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Inserting Different Dashes

Please Note: This article is written for users of the following Microsoft Word versions: 97, 2000, 2002, and 2003. If you are using a later version (Word 2007 or later), this tip may not work for you. For a version of this tip written specifically for later versions of Word, click here: Inserting Different Dashes.

Typographers use different dashes for different purposes. The only difference between the dashes is their width. For instance, you get one type of dash when you press on the minus key-it is a dash that is very narrow. A longer dash is called an en dash, because it is the same width as a lowercase n. An en-dash is typically used to denote ranges of numbers. Wider still is the em-dash, which is just as wide as a lowercase m. The em-dash is typically used in sentences, as a dash between clauses. To insert an en-dash in your document, hold down the Alt key and type 0150 on the numeric keypad; an em-dash is produced by holding down the Alt key and typing 0151.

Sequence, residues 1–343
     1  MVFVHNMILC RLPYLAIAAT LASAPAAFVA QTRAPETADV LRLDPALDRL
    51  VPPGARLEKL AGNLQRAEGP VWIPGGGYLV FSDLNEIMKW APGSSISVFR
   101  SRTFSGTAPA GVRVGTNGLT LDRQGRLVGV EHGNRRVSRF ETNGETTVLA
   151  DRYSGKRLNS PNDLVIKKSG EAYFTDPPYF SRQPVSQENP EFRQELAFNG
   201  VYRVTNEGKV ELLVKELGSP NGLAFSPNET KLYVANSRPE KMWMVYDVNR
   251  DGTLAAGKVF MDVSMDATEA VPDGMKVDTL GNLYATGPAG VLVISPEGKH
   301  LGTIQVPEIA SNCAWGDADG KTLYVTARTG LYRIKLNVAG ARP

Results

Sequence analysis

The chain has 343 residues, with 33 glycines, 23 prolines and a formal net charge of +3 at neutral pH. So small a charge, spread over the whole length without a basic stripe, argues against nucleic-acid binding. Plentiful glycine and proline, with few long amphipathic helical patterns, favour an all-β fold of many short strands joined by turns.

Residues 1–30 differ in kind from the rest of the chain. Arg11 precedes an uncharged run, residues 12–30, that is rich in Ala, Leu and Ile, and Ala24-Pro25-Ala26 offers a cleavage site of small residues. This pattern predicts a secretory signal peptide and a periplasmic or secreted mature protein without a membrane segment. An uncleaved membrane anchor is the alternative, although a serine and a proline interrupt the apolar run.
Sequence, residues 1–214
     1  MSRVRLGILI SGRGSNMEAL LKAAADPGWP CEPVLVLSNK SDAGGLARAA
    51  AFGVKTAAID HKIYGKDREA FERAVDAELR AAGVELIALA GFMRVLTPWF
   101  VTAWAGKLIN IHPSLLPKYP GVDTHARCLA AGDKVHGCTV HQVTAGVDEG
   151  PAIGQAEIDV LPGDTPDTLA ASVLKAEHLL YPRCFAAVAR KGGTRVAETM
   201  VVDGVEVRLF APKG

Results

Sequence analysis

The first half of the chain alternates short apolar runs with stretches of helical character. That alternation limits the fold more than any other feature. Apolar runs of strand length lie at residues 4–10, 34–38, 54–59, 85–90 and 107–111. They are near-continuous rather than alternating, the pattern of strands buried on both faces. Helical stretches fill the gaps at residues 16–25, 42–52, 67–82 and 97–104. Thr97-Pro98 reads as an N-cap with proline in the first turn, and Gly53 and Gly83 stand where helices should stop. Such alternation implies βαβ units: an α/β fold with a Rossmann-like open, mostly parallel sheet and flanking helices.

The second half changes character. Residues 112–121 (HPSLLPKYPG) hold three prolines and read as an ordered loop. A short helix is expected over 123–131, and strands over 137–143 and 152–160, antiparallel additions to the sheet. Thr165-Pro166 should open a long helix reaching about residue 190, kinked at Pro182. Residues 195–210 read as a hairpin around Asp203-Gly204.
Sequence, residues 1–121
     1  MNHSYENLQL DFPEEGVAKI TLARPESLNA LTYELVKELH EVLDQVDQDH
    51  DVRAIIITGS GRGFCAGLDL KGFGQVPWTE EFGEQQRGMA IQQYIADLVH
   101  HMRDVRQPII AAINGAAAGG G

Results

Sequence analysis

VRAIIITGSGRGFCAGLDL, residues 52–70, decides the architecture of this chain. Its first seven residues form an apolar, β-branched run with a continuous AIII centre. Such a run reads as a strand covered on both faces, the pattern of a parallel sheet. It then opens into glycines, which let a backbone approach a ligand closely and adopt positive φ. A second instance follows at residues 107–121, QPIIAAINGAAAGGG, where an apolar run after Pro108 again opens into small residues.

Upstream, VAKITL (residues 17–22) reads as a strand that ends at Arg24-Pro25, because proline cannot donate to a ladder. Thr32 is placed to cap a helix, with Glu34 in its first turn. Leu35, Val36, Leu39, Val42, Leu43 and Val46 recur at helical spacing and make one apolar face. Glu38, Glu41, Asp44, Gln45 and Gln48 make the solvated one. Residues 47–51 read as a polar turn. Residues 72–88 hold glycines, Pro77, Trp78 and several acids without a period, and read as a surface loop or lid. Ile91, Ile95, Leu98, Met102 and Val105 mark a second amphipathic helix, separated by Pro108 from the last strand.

Another way to insert the dashes is to use the minus key on the numeric keypad. If you press Ctrl+- (remember, on the numeric keypad), then Word inserts an en-dash. The wider em-dash is inserted by using Ctrl+Alt+-.

WordTips is your source for cost-effective Microsoft Word training. (Microsoft Word is the most popular word processing software in the world.) This tip (17) applies to Microsoft Word 97, 2000, 2002, and 2003. You can find a version of this tip for the ribbon interface of Word (Word 2007 and later) here: Inserting Different Dashes.

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Comments for this tip:

Anita Stuever    03 Nov 2012, 09:23
"The only difference between the dashes is their width."

Not really. The hyphen (what you call a narrow dash) is lower than the en dash and the em dash. Similarly, the minus sign (not addressed in this tip) is higher than the hyphen.

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